Wednesday, 26 March 2014

Professor Beckles: Ten-Point Plan makes a case for reparatory justice

Victims of crimes against humanity and their descendants have a legal right to call for reparatory justice. As such, the CARICOM Reparatory Justice Committee has come up with a ten-point plan of action, which outlines the path to reconciliation and justice for such persons.

According to Professor Sir Hilary Beckles, Pro-Vice Chancellor and Principal of the University of the West Indies Cave Hill Campus, who serves as Chairman of the CARICOM Reparations Commission (CRC), the CRC sees the persistent racial victimisation of the descendants of slavery and genocide as the root cause of their suffering today. What’s more, he suggested, the CRC recognises that the persistent harm and suffering experienced today by these victims as the primary cause of development failure in the Caribbean.
Chairman of the CARICOM Reparations Commission (CRC),
Professor Sir Hilary Beckles, Pro-Vice Chancellor and Principal
of the University of the West Indies Cave Hill Campus,
as he spoke at the press briefing.

During a press conference convened in the new administration building of the Cave Hill Campus earlier last week, Professor Beckles noted that the Heads of Government of the region met in St. Vincent and the Grenadines on March 10, this year, to discuss amongst other things the first report of the CARICOM Reparations Commission. As part of its recommendations, the report contains a procedural path to be taken for reparatory justice, in the form of a document entitled “Caribbean Reparatory Justice Programme: A Ten-Point Plan of Action”.

“The Commission has focused on the continuing harm and suffering of people in the Caribbean as a result of the 300 years of slave trading and slavery, in addition to the 100 years of racial apartheid that followed emancipation. Our focus has been on three specific aspects of the crime against humanity – the transatlantic slave trade, the chattel enslavement of African peoples and the hundred years of racial apartheid, which was put in place by European governments in the Caribbean after emancipation legislation,” Sir Hilary commented.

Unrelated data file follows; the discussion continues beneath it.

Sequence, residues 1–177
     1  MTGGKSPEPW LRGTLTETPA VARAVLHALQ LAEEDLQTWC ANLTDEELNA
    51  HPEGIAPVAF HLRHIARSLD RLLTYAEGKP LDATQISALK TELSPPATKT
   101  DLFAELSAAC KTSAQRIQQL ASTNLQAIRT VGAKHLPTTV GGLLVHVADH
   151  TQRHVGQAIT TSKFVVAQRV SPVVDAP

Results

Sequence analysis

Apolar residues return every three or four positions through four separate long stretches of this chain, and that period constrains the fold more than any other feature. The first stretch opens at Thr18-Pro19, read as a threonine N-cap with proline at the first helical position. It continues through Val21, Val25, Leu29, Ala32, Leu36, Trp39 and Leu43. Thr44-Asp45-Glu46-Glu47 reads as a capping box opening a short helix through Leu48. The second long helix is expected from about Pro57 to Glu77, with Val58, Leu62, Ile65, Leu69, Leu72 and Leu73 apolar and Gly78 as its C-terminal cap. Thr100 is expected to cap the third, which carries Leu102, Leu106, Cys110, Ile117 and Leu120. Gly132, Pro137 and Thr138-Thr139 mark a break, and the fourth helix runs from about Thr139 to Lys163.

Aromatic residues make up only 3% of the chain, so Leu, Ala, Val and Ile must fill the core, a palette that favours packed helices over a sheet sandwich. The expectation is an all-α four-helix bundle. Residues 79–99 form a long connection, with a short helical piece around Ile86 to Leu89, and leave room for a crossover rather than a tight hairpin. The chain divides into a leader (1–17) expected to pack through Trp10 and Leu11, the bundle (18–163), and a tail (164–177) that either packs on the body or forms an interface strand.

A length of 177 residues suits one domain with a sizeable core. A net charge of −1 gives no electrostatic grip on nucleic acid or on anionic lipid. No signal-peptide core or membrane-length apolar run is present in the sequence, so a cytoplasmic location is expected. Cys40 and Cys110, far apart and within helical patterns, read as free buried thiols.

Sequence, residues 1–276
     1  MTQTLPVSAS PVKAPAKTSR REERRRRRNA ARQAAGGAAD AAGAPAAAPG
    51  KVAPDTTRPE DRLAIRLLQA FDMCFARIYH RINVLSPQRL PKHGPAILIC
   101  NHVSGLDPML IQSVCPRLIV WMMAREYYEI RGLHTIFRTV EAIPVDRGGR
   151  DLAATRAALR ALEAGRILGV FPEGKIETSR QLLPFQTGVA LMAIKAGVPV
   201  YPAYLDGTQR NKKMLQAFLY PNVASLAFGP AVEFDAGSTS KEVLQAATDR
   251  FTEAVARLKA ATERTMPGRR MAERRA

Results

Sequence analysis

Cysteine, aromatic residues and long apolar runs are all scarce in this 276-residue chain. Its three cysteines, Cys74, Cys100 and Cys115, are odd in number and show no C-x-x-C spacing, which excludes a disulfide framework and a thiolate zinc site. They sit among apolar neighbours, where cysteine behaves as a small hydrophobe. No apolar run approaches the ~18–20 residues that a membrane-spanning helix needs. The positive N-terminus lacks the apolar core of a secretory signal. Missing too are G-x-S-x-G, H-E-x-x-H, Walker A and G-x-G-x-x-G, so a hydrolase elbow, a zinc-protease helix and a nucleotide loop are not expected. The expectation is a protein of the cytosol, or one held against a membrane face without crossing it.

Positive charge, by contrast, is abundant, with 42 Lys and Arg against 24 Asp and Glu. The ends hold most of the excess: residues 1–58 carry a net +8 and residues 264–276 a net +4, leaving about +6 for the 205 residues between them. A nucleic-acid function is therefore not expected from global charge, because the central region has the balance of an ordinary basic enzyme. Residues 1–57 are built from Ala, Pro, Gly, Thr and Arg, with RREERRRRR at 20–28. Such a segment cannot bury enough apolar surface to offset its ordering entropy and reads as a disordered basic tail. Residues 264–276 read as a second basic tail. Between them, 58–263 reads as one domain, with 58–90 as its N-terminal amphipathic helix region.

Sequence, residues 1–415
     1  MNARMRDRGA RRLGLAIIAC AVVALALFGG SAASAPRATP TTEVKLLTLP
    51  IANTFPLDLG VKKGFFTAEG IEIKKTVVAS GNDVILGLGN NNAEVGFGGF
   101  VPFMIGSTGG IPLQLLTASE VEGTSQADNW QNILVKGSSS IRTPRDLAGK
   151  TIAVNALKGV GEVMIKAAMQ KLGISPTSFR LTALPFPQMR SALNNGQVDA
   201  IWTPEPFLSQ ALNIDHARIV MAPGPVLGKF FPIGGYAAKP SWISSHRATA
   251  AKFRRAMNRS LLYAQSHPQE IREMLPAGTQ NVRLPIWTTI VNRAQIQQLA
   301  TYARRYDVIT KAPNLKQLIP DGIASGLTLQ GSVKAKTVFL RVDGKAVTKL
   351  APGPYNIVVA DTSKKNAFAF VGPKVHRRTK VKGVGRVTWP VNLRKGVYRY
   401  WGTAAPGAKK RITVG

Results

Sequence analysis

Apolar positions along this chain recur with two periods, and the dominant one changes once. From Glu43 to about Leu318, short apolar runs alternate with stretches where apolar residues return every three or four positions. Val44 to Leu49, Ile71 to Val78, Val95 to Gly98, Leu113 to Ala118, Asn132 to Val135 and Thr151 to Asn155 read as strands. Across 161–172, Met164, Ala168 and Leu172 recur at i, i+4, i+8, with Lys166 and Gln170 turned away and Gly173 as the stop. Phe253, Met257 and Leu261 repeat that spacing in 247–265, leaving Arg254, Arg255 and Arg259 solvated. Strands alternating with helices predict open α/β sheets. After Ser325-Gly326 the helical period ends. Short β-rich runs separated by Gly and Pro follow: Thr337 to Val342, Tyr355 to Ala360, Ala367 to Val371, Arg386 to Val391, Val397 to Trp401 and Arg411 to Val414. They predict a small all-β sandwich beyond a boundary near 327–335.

The recommendation is that European governments have the responsibility to put to an end this continuous harm and suffering, as they were the legal bodies that instituted the framework for developing and sustaining these crimes. They also served as custodians of criminally accumulated wealth.

The CRC asserts that European governments have refused to acknowledge such crimes or to compensate victims and their descendants. As such, the ten-point plan calls for: (1) A Full Formal Apology from these governments as opposed to “statements of regrets” issued by some; (2) Repatriation, since over 10 million Africans were stolen from their homes and forcefully transported to the Caribbean as the enslaved chattel and property of Europeans, and as such, the descendants of these stolen people have a legal right to return to their homeland; (3) An Indigenous Peoples Development Programme to rehabilitate survivors; (4) Cultural Institutions through which the stories of victims and their descendants can be told; (5) Attention to be paid to the “Public Health Crisis” in the Caribbean, which sees the region having the highest incidence of chronic diseases, which stems from the nutritional experience, emotional brutality and overall stress profiles associated with slavery, genocide and apartheid.

The other points include calls for (6) Illiteracy eradication as the British in particular left the Black and Indigenous communities in a general state of illiteracy; (7) An African Knowledge Programme to teach people of African descent about their roots; (8) Psychological Rehabilitation for healing and repair of African descendant pop-ulations; (9) Technology Transfer for greater access to the world’s science and technology culture; and (10) Debt Cancellation to address the “fiscal entrapment” that faces Caribbean governments that emerged from slavery and colonialism. (RSM)

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